Good World News

A+ A A-

(China Grove, NC) - Ashley England was was having a rough dinner at Stag-N-Doe pizza with her 8 year old son.  Her son, Riley has epilepsy and is nonverbal.  He gets frustrated when he cannot speak and decided to throw a tantrum.

One stranger turned the England family's day completely around.  This stranger paid for their meal and attached a heartwarming note which read, "God only gives special children to special people."


Ashley was incredibly grateful. "To have someone do that small act towards us shows that some people absolutely understand what we are going through and how hard it is to face the public sometimes," she said. "They made me cry, blessed me more than they know. I felt like out of all the rude negative comments that we are faced with, these outweighs them. The people who care. Little did he know what struggles we had been facing lately, and this was surely needed at that moment."

Ashely posted her gratitude on Facebook: "Dear stranger, thank you for giving me a blessing tonight in a way you will never know."

 

And that's what's good,

Jon

Published in Random Good News

Nicholas Selby, a sophomore at Georgia Tech, gave incoming freshman a welcoming speech that they will never forget.  His speech amped up the crowd as the "2001: A Space Odyssey" theme music played in the background.  Nicholas received a well deserved standing ovation.  So go on and watch the video and amp yourself up for the week!!!!

And that's what's good,

Jon

Published in Random Good News

British artist Jeremy Deller teamed up with Michelle Huggins-Watts, Trinidad's “First Lady” of the steel pan, on a project to bring more young people into steel band music.  Their collaboration combined their very different skills to create a brand new, one-off performance and music event in Trinidad.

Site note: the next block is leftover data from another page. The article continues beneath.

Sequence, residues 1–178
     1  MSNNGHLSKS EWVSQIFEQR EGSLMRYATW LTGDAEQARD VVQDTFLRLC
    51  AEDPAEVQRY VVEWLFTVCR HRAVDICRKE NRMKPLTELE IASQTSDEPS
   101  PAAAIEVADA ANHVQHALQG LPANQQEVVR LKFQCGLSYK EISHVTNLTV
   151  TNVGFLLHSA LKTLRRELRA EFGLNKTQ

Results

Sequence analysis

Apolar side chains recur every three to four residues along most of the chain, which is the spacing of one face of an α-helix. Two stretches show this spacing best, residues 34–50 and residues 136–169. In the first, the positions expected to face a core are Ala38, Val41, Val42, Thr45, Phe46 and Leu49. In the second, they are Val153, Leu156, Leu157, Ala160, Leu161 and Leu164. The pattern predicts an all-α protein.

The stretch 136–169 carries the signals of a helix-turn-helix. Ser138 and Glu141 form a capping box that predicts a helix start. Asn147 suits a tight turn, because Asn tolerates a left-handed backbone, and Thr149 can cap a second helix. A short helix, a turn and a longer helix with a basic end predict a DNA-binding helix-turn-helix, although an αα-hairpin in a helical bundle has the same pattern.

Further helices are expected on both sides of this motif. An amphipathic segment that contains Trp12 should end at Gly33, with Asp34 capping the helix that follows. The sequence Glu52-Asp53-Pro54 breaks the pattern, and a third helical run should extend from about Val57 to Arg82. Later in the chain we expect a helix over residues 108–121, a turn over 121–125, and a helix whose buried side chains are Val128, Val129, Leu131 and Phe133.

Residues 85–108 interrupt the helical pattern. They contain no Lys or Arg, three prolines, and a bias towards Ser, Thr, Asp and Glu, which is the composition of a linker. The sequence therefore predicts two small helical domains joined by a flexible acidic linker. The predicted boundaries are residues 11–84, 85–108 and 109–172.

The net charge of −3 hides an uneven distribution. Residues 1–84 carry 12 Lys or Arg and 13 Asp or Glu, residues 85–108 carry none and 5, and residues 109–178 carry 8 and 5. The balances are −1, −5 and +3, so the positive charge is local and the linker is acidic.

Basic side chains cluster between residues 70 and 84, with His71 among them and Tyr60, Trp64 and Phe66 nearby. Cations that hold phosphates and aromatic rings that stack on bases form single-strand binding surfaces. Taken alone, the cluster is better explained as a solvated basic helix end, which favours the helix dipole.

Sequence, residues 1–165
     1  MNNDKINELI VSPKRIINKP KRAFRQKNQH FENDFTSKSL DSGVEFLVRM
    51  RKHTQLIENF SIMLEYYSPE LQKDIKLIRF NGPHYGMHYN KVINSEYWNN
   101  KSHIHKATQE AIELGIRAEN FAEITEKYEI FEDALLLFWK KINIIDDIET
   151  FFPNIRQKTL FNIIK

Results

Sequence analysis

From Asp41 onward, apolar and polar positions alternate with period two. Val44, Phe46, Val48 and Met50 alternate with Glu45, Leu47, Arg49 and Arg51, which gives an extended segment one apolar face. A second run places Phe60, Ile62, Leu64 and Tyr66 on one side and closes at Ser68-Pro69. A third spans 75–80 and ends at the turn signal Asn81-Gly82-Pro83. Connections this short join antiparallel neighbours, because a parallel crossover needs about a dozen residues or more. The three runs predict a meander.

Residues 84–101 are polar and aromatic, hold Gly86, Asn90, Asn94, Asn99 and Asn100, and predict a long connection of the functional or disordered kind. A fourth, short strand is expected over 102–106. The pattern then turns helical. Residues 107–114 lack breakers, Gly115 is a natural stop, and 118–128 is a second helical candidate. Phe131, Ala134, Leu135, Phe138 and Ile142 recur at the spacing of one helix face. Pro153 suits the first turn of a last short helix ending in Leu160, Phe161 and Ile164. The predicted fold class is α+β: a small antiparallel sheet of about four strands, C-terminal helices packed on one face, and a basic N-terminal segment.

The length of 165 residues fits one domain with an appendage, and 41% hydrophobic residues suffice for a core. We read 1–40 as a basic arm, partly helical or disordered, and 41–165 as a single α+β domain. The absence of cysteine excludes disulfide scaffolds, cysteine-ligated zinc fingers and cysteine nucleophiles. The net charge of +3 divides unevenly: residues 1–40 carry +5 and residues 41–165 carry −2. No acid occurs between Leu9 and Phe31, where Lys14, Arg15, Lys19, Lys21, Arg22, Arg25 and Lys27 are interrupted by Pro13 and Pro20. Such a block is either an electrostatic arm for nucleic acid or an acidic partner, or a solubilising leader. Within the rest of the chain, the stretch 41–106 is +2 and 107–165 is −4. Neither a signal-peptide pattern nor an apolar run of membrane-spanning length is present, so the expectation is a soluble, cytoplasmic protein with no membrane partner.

Jeremy Deller, speaking before the collaboration said: “For a long time I’ve been interested in steel bands. Trinidad is the home of steel bands so it makes sense to go to that place and see what you can come up with.”  Jeremy is a celebrated conceptual, video and installation artist, a hugely influential figure on the international contemporary art scene.

Michelle Huggins-Watts, speaking about the song they planned to use in the collaboration said: “It’s really different, not something you’d readily hear on the pan – I’m really looking forward to working on this piece!”  Michelle is the band leader and musical arranger of a champion Trinidadian steel pan band, she has toured the world, and is a music teacher at Trinity College where she runs a junior pan band.

 

Marty,

The Good World News

Published in Entertainment

Chicago Bulls build a playground

Chicago Bulls players and more than 200 volunteers got together in Chicago Heights on Saturday, August 24, to build a new playground, a playground designed by the children who will use it.

Children need a place to play every day in order to be active and healthy, but today’s kids spend less time playing outside than any previous generation in part because only 1-in-5 children live within walking distance of a park or playground. This play deficit is having profound consequences for kids physically, socially and cognitively.  This new playground will provide more than 500 children in the community with a safe place to play.